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«Dedicated to Prof. Karl-Hermann Neumann, a Pioneer in Tissue Culture Research ABSTRACT In studies on the induction of somatic embryogenesis in ...»

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Studies on the Induction of Embryogenic Globular Structures

in Opuntia ficus-indica

Samantha Pinheiro da Costa1, Arlete A. Soares2, Birgit Arnholdt-Schmitt1

1

Departamento de Bioquímica e Biologia Molecular e 2Departamento de Biologia,

Universidade Federal do Ceará (UFC)

Fortaleza, CE, Brazil

e-mail: arnholdt-schmitt@gmx.de

Received August 2001

Dedicated to Prof. Karl-Hermann Neumann, a Pioneer in Tissue Culture Research

ABSTRACT

In studies on the induction of somatic embryogenesis in Opuntia ficus-indica, globular structures were obtained from isolated, in vitro-germinating zygotic embryos in the presence of 0.45×10-6 mol·l-1 2,4-D and 0.91×10-6 or 9.1×10-6 mol·l-1 kinetin. The globuli displayed typical morphological characteristics of embryogenic globuli, i.e., a well-defined globular shape without vascular connection to the original tissue, demonstrating yellowish-white colour. Serial histological analysis during the first 4 weeks of culture revealed that these structures were directly induced after about 2 weeks of primary culture at the periphery, beneath the first cell layers, preferably emerging at subepidermal regions of young cotyledons.

Also, a suspensor-like tissue embedding the globuli in the originating material was observed. However, in comparison to young embryonic structures from other species, the globuli from O. ficus-indica displayed atypical cytological characteristics that are related to water management in plants.

Keywords: Opuntia ficus-indica, somatic embryogenesis, globular structures, histological analysis

INTRODUCTION

Growing interest in research on Opuntia ficus-indica is due to its increasing importance as fodder crop or vegetable and exotic-fruit-producing plant in arid and semiarid regions. In northeastern Brazil, about 400,000 ha are covered with this plant species (Santos et al., 1997), which is used there mainly as fodder in small farms. Additionally, planting of O. ficus-indica is appropriate to prevent environmental destruction in dry areas caused by erosion. Although breeding efforts are only beginning (Bunch 1997;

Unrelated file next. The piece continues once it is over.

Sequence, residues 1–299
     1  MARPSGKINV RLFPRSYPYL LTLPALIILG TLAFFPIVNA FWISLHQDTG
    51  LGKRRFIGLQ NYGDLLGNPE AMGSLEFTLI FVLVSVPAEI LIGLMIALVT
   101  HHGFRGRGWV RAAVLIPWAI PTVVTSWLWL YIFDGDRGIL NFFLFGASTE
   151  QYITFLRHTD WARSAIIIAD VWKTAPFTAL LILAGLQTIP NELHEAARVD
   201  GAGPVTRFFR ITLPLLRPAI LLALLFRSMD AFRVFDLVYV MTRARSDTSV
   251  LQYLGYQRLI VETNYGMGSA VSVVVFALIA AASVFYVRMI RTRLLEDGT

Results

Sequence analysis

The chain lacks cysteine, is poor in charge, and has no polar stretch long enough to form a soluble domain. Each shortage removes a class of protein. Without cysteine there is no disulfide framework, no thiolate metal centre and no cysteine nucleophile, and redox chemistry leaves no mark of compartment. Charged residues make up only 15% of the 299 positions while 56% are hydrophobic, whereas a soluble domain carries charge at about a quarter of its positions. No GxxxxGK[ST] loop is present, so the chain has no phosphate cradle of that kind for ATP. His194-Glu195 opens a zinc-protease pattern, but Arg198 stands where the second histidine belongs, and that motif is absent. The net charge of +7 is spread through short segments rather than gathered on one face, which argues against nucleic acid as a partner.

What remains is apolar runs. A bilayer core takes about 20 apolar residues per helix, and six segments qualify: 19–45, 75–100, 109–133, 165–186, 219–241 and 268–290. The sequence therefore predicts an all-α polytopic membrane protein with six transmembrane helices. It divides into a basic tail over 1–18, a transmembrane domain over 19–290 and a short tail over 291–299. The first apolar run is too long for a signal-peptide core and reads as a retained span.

Mondragon and Bordelon, 1996; Wang et al., 1996), basic biotechnological techniques, such as micropropagation by axillary-bud proliferation, regeneration of isolated-shoot apical meristems, induction of callus and cell suspensions, as well as protoplast isolation and culture and genetic transformation by particle bombardment, are already available for prickly-pear (Arnholdt-Schmitt et al., 2001).

Establishment of transgenic plants can be useful in basic research (Arnholdt-Schmitt 1996) or in studies on applied purposes to improve the nutritional value or characteristics of the plants to confront biotic or abiotic stress. In any case, crucial for the application of any transformation technology is the development of regeneration systems. However, the key technology for regeneration that starts at the level of individual cells from tissues or suspension or protoplast cultures, i.e., the induction of somatic embryogenesis, is still missing. Torres-Muñoz and Rodríguez-Garay (1996) reported on successful induction of indirect somatic embryogenesis from the medullar-tissue disk of adult plants of the cactus Turbinicarpus pseudomacrochele. The same medium that was used for this species was applied for young cladodes of O. ficus-indica. Although embryogenic callus and globular structures had been obtained, 66 J. PACD – 2001 which were analogous to zygotic embryogenic structures, a further development to advanced structures in embryogenesis was not achieved (Santacruz-Ruvalcaba et al., 1998). Vélez-Gutiérrez and RodríguezGaray (1996) performed analyses on polyembryonal embryos of O. ficus-indica, and demonstrated high comparability to zygotic embryos, including also the occurrence of a typical suspensor (see also Santacruz-Ruvalcaba et al., 1998).

From experience with various species, it is well-known that in vitro induction and initiation of somatic embryogenesis (for theoretical considerations on the induction of redifferentiation in tissue culture see DeKlerk et al., 1997) depends on the endogenous concentration of auxins, their distribution in the cultured tissue and interaction with exogenously supplied auxins or antiauxins that are involved in the metabolism or transport of endogenous auxins, or interaction with other growth regulators. In our aim to induce somatic embryogenesis in O. ficus-indica, we performed a series of in vitro-culture experiments with isolated zygotic embryos of mature seeds of cv. Gigante and exogenously supplied 2,4dichlorophenoxyacetic acid, kinetin, and abscisic acid in B5 medium.